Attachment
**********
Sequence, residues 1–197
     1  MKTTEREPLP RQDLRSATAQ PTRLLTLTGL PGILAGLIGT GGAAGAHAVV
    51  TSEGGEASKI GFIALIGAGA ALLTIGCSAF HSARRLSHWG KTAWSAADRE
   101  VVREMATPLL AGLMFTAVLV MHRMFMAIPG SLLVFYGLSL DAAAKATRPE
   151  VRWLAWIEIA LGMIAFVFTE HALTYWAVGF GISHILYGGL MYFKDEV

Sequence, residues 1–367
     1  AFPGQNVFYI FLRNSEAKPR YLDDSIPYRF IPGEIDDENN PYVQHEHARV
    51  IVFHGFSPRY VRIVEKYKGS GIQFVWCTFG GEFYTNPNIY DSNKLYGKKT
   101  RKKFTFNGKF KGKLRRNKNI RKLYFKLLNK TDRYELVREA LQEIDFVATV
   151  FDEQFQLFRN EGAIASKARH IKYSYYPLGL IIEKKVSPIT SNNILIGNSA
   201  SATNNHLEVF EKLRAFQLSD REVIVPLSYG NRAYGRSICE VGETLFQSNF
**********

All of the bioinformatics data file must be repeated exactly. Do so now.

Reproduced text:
Sequence, residues 1–197
     1  MKTTEREPLP RQDLRSATAQ PTRLLTLTGL PGILAGLIGT GGAAGAHAVV
    51  TSEGGEASKI GFIALIGAGA ALLTIGCSAF HSARRLSHWG KTAWSAADRE
   101  VVREMATPLL AGLMFTAVLV MHRMFMAIPG SLLVFYGLSL DAAAKATRPE
   151  VRWLAWIEIA LGMIAFVFTE HALTYWAVGF GISHILYGGL MYFKDEV

Sequence, residues 1–367
     1  AFPGQNVFYI FLRNSEAKPR YLDDSIPYRF IPGEIDDENN PYVQHEHARV
    51  IVFHGFSPRY VRIVEKYKGS GIQFVWCTFG GEFYTNPNIY DSNKLYGKKT
   101  RKKFTFNGKF KGKLRRNKNI RKLYFKLLNK TDRYELVREA LQEIDFVATV
   151  FDEQFQLFRN EGAIASKARH IKYSYYPLGL IIEKKVSPIT SNNILIGNSA
   201  SATNNHLEVF EKLRAFQLSD REVIVPLSYG NRAYGRSICE VGETLFQSNF